[tex]
t = \frac{x-5}{x^2-9}
[/tex]

To find the set of numbers that can be used for [tex] t [/tex]

[tex]
\begin{align*}
t (x^2 - 9) & = x-5 \\
tx^2 - 9t - x + 5 & = 0\\
tx^2 - x + (5-9t) & = 0
\end{align*}
[/tex]

If the determinant of the final quadratic is negative there are no solutions for [tex] x [/tex]. Since the determinant will depend on [tex] t [/tex], we can find the values that are not in the range.

[tex]
\begin{align*}
D(t) & = (-1)^2 - 4(t)(5-9t) \\
& = 1 - 20t + 36t^2
\end{align*}
[/tex]

The zeros of the quadratic in [tex] t [/tex] are [tex] {36}/{72} = 1/2 [/tex] and [tex] 4/{72} = 1/{18} [/tex]. Since the graph of [tex] D(t) [/tex] is a parabola that opens upward, the vertex is the minimum point.

[tex]
\begin{align*}
t & = \frac{-(-20)}{72} = \frac{20}{72} = \frac 5{18}\\
D(5/{18}) & \approx -1.8
\end{align*}
[/tex]

Since [tex] D(t) [/tex] is negative at the vertex, it is negative throughout the interval

[tex]
\left(\frac{4}{72}, \frac 1 2 \right)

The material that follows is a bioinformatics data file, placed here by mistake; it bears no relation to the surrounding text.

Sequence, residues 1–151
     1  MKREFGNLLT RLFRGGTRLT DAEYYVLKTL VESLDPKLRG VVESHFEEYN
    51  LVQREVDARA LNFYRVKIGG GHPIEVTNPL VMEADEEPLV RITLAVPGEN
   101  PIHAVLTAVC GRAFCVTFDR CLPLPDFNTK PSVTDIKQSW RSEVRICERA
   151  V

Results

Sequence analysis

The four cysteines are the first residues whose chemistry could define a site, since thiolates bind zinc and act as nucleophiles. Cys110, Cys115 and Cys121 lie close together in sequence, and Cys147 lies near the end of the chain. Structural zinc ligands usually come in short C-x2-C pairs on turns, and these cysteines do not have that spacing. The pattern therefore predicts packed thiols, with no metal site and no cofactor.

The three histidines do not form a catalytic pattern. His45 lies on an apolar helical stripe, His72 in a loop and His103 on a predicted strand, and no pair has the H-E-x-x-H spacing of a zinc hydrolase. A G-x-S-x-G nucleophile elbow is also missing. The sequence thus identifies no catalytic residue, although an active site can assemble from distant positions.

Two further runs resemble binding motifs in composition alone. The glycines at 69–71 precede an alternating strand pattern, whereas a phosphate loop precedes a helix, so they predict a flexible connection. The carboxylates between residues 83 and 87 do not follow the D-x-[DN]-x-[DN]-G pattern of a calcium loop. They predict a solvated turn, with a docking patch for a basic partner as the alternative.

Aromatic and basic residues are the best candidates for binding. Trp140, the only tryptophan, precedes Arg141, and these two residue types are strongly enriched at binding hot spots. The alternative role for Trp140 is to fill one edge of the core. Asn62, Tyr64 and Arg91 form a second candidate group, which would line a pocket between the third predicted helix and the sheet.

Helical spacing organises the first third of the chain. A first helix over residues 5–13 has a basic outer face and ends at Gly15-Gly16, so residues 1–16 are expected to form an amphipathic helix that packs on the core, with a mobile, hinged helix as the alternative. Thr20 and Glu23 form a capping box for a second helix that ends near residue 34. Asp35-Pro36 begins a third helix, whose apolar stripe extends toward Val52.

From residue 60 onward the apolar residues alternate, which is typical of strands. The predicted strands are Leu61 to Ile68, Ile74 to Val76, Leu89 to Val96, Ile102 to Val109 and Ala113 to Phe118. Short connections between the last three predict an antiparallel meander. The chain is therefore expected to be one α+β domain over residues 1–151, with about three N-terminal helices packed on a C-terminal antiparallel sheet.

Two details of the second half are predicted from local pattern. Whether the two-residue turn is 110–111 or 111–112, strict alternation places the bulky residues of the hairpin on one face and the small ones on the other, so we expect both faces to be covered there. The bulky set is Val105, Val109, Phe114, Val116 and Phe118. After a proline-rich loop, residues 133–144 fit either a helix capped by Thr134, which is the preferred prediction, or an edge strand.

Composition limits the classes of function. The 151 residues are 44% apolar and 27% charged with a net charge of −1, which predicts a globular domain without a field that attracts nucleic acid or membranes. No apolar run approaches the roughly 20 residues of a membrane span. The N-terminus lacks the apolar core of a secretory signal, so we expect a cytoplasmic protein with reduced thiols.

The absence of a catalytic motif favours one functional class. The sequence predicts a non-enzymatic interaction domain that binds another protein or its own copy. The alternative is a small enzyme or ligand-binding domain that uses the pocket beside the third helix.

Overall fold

[/tex]

The range consists of all real numbers except for those in this interval
 
  • #11
HallsofIvy
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Well done, statdad, though not necessary to post it twice!:smile:. Oh, and the word you want is "discriminant", not "determinant".
 
  • #12
statdad
Homework Helper
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Statdad replies (as he hangs his head in shame)

I know it should be discriminant - teach the stuff almost every semester. No excuse there - just an incredibly big brain lapse and failure of proof-reading.

Posting twice I can explain: the first time I tried I got the infamous "data base error" and some message telling me the item hadn't parsed. I went back to the edit screen and hit submit once again. I didn't notice that both versions posted. Sorry.

(wanders away with hanged head, chastened look upon face)